Student attendance is important because it is very closely correlated with student achievement, and it is the way schools are reimbursed by the state, so every day a student is absent that school loses funding.
Absenteeism is highest in the high school years, and it is very predictive of student success.  In fact, a student who is absent 10 or more days in 9th grade is three times more likely to not graduate on time as one who is absent five or fewer days.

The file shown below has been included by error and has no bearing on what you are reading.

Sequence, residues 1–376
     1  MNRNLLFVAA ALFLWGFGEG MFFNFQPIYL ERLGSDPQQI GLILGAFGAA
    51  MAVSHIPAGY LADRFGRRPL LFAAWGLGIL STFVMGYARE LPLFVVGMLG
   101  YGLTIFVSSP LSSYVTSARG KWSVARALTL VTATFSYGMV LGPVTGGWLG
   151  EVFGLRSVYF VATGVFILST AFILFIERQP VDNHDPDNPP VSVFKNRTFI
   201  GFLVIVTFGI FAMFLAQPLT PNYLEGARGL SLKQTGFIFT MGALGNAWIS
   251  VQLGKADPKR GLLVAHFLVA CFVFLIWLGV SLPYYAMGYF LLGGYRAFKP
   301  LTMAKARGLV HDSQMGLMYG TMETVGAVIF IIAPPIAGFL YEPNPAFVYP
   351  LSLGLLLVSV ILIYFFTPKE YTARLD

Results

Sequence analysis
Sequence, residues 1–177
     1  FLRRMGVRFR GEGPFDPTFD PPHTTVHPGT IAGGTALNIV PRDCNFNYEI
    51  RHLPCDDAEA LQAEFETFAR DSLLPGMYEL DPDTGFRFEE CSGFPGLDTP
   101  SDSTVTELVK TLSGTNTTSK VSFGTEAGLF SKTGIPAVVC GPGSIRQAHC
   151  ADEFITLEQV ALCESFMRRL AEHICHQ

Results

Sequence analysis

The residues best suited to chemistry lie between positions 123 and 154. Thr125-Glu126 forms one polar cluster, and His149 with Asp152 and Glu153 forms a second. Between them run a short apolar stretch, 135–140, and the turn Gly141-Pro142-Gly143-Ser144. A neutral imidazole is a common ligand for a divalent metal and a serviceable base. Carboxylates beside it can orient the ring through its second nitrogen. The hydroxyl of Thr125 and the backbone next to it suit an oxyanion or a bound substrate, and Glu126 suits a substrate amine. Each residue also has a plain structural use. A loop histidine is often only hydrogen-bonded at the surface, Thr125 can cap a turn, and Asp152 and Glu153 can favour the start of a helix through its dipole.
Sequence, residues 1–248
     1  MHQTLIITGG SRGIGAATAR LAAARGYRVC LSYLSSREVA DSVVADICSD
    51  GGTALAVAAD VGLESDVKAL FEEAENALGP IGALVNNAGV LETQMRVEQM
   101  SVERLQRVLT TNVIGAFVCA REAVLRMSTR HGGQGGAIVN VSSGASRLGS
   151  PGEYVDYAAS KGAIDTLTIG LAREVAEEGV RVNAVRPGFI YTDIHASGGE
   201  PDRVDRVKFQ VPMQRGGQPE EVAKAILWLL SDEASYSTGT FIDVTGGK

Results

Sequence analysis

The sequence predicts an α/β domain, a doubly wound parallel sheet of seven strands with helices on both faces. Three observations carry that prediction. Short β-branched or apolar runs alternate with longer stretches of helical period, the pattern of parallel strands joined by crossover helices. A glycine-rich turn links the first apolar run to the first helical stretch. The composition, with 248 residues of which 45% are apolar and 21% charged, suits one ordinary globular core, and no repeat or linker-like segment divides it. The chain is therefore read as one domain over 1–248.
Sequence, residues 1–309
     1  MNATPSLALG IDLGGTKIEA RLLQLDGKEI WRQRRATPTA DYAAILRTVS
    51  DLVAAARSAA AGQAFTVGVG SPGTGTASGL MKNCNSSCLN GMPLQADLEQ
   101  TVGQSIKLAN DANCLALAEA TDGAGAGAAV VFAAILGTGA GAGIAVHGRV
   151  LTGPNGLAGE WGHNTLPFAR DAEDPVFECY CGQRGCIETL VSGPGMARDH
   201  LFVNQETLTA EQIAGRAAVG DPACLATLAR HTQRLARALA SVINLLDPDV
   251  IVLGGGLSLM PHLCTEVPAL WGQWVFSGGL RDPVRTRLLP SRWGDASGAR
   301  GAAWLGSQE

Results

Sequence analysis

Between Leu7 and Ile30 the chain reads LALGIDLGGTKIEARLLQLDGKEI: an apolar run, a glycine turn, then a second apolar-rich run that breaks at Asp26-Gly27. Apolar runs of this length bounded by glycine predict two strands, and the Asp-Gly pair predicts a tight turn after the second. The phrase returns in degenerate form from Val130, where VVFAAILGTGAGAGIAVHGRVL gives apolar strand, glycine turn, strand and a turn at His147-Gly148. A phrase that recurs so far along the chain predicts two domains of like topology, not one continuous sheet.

Unfortunately, student absences are also very closely associated with family income. Recent E3 Alliance data show that it’s our poorest students who are most likely to miss school, and thus be at risk for poor academic outcomes. In Central Texas, data show that students who are eligible for reduced price lunches because their family makes less than 185% of the federal poverty level have almost the same attendance patterns as those who are not low income. However, those students eligible for free lunch, whose families make less than 135% of the federal policy level, have almost 50% more absences, averaging 9 days missed every year in high school.